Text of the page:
Drive around Buffalo, and you’ll find plenty shops, bars and buildings that, side by side or block by block, are emblematic of the city’s developing past-vs.-present dichotomy.
There are 1800s-era homes next door to inventive craft breweries. Loft apartments inside converted Catholic elementary schools. And an indoor hockey palace across from lines of grain elevators. These examples are everywhere, and they’re multiplying, signaling the region’s still-ascendant trajectory.
But when patrons of Ellicott Street's Ulrich’s Tavern glance out its windows, they’re treated to an appreciated contrast between old and new—all over some classic potato pancakes and progressive craft drafts.
Established in Buffalo in 1868, shuttered briefly in 2012, then restored under new ownership in 2014, the city's oldest tavern has always been a favored stop for German-American fare and imbibers who like a little history with their eventual hangover.
Despite restoring certain interior elements before its re-launch four years ago, the bar still looks appropriately weathered, whether with exposed brick, antique lighting or woodwork scuffed by 150 years worth of boozers.
Its back-bar remains resplendent with stained glass cabinetry promoting the long-defunct Iroquois Brewery; a low-lit back dining room still looks like it could host a planning meeting for the next guerilla revolution; and much of its interior décor highlights the history of a locale that’s been around for almost as long as Buffalo.
What’s changed is that Ulrich’s now offers its traditional fare mixed with an upgraded ambiance and menu at the entrance of a neighborhood now unrecognizable to what was there 50 years ago—or even five years ago.
Customers hungry for bratwurst and beers now siphon in from the sprawling Buffalo Niagara Medical Campus, comprised of offices, hospitals and the University at Buffalo’s striking Jacobs School of Medicine and Biomedical Sciences.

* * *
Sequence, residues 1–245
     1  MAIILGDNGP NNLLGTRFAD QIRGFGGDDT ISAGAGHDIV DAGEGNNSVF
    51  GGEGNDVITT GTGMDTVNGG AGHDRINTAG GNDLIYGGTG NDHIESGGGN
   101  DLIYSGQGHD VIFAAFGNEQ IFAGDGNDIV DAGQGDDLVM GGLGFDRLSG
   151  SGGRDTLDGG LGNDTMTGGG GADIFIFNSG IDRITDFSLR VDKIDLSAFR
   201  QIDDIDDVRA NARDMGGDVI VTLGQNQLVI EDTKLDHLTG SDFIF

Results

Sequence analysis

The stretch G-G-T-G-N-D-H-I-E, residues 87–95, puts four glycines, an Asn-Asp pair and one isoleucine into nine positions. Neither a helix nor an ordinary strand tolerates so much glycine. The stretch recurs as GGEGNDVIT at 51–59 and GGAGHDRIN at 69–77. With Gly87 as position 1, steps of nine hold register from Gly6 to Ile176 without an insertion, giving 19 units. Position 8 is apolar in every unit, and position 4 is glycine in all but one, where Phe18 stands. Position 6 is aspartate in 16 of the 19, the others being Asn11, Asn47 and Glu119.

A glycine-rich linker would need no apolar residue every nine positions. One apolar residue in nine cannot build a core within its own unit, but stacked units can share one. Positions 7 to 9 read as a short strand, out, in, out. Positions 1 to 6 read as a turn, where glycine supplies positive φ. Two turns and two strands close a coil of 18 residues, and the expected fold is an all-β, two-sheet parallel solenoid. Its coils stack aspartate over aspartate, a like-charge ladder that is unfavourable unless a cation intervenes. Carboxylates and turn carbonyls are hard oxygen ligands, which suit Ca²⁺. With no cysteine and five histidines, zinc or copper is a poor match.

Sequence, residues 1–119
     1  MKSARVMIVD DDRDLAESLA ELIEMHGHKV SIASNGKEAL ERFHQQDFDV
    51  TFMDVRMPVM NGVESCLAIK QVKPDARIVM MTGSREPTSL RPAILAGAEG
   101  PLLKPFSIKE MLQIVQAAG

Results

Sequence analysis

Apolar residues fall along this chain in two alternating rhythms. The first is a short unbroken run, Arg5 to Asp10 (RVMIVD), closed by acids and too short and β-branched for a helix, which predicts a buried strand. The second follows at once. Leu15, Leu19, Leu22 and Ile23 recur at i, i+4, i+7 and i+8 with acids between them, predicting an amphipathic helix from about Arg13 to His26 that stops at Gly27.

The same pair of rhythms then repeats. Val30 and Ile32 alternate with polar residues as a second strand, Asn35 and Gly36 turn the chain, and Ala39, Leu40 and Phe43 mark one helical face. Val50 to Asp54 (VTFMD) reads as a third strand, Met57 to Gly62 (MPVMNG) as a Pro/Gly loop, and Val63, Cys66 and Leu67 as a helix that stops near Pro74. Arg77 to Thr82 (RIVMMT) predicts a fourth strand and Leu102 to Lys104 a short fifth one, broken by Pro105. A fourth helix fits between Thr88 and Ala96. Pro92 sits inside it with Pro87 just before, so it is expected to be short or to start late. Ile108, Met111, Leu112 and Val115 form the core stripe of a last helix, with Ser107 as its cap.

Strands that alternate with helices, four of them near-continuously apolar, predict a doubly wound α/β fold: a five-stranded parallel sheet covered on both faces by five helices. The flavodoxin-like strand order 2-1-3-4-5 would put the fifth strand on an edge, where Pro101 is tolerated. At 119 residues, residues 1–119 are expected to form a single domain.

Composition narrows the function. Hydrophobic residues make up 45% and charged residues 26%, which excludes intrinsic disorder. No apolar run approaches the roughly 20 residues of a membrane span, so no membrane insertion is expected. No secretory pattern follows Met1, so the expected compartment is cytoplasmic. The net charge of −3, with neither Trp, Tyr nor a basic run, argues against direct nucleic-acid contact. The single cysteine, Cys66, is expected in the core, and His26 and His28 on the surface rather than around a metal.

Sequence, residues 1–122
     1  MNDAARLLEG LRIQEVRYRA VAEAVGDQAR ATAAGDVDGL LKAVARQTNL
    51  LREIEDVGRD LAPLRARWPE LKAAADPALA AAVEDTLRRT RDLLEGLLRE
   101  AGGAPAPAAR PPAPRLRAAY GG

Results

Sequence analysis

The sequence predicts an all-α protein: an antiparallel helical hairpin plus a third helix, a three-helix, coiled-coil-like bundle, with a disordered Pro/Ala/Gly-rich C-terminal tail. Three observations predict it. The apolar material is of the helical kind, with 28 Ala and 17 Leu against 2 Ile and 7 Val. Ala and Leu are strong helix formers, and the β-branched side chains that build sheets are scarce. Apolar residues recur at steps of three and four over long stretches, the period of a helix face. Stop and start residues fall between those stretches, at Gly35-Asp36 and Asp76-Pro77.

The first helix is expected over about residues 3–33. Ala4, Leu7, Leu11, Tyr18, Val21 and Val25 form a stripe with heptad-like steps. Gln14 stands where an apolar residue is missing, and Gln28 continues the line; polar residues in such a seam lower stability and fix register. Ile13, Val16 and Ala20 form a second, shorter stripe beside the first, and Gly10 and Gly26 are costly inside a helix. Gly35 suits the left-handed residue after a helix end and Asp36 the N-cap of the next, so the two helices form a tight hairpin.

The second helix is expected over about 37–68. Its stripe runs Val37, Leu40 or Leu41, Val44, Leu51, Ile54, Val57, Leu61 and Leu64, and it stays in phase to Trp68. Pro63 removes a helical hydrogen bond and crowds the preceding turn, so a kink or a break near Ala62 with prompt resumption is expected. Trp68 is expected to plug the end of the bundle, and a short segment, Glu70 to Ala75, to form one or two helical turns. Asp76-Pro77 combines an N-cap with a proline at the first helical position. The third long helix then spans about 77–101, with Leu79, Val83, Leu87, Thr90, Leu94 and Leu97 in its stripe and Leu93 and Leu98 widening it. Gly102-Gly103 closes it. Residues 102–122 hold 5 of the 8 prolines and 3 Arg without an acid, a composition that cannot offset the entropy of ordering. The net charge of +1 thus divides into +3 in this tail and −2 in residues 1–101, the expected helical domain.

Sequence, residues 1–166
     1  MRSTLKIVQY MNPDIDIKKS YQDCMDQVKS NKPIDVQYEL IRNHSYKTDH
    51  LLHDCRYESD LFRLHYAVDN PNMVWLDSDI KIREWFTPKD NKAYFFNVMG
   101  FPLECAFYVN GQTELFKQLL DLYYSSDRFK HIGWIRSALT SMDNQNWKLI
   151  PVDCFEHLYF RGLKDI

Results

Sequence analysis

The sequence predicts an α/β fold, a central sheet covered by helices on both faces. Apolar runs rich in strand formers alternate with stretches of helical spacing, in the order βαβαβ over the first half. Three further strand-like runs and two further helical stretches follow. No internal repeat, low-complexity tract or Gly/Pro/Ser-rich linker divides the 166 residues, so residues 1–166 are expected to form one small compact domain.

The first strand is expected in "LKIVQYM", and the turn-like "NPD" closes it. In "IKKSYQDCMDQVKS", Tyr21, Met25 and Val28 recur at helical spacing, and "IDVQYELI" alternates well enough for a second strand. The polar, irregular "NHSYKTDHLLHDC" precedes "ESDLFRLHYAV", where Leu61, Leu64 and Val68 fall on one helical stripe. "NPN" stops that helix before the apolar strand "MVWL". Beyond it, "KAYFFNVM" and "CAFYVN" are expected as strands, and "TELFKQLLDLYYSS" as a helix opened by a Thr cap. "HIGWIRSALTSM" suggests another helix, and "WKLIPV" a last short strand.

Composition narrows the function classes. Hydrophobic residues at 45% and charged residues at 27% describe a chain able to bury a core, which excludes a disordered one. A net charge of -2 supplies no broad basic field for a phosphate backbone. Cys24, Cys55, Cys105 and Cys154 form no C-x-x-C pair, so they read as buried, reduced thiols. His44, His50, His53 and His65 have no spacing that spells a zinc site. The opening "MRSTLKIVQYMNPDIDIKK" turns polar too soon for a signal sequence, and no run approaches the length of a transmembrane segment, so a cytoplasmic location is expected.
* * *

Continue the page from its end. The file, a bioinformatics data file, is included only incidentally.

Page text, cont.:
Millennials and Generation Z denizens come from entrepreneur incubators and luxury lofts inside the neighboring Phoenix Brewery. Others pop in after utilizing the bike lockers, electric car chargers and urban park space from outside Ulrich’s front entrance.
Once inside, they can certainly inhale the same pierogi ($15 for a dozen) or German lagers like Hofbrau favored by past generations. Or, they can enjoy options that match the burgeoning diversification of Buffalo’s traditional ethos, with 16-ounce drafts of 12 Gates' Resting Peach Face sour ($6) and Big Ditch Hayburner ($5) — two of 20 beers on tap. They can even settle in for decidedly non-German fare like its vegetarian burger ($12) or Vietnamese spring rolls ($6).
[Read more: 100 Things on Ulrich's 1868 Tavern]
Throwback jukebox tunes from Huey Lewis & The News contrastingly echo off wallpaper not regularly utilized since the end of The Great War. Bespectacled med school students break from studying for boards under timber ceilings that once hosted returning veterans of World War II.
Outside Ulrich’s, the Medical Campus continues to develop and the neighboring Trico complex will soon advance on its long-awaited transformation.
Inside, a refreshed version of Buffalo’s senior drinking stop will keep slinging at the epicenter of a thankfully changing downtown landscape, while still anchoring the city to an aesthetic corner of its past.
Address: 674 Ellicott St.
Hours: Kitchen is open 11 a.m. to 9 p.m. Monday, 11 a.m. to 10 p.m. Tuesday to Saturday. Bar is open Monday through Saturday, beginning at 11 a.m.. Closed on Sunday.
Scene: German-American ambiance inside Buffalo’s oldest tavern, but situated at the entrance of city’s booming medical campus.
Potato pancakes—and popcorn: Ulrich’s lunch and dinner menu still skews German, but casual drinkers can also enjoy free helpings of Buffalo’s saltiest popcorn.
Drink specials: Happy Hour 4 to 8 p.m. Monday through Friday, with $6 mini pitchers of Coors Light. Same deal for all Sabres games.
Parking: Street spots outside.
Credit/Debit: Yes. ATM on site.
Don’t forget to: Appreciate the tavern’s Genny Cream Ale light, hanging gloriously at the front corner of the bar.